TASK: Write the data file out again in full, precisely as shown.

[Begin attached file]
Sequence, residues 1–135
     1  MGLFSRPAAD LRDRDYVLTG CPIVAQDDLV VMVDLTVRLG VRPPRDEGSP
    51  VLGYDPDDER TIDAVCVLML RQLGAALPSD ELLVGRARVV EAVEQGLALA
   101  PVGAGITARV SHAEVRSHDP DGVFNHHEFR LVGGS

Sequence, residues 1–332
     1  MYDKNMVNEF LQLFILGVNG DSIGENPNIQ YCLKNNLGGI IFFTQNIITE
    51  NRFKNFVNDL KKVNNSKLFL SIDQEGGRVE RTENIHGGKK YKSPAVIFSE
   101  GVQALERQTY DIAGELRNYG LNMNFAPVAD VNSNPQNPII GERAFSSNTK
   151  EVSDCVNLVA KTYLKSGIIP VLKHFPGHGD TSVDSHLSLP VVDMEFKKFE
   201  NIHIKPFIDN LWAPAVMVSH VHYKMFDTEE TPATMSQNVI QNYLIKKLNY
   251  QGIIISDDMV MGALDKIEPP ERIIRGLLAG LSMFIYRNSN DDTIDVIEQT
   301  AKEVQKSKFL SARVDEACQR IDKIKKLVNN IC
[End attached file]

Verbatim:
Sequence, residues 1–135
     1  MGLFSRPAAD LRDRDYVLTG CPIVAQDDLV VMVDLTVRLG VRPPRDEGSP
    51  VLGYDPDDER TIDAVCVLML RQLGAALPSD ELLVGRARVV EAVEQGLALA
   101  PVGAGITARV SHAEVRSHDP DGVFNHHEFR LVGGS

Sequence, residues 1–332
     1  MYDKNMVNEF LQLFILGVNG DSIGENPNIQ YCLKNNLGGI IFFTQNIITE
    51  NRFKNFVNDL KKVNNSKLFL SIDQEGGRVE RTENIHGGKK YKSPAVIFSE
   101  GVQALERQTY DIAGELRNYG LNMNFAPVAD VNSNPQNPII GERAFSSNTK
   151  EVSDCVNLVA KTYLKSGIIP VLKHFPGHGD TSVDSHLSLP VVDMEFKKFE
   201  NIHIKPFIDN LWAPAVMVSH VHYKMFDTEE TPATMSQNVI QNYLIKKLNY
   251  QGIIISDDMV MGALDKIEPP ERIIRGLLAG LSMFIYRNSN DDTIDVIEQT
   301  AKEVQKSKFL SARVDEACQR IDKIKKLVNN IC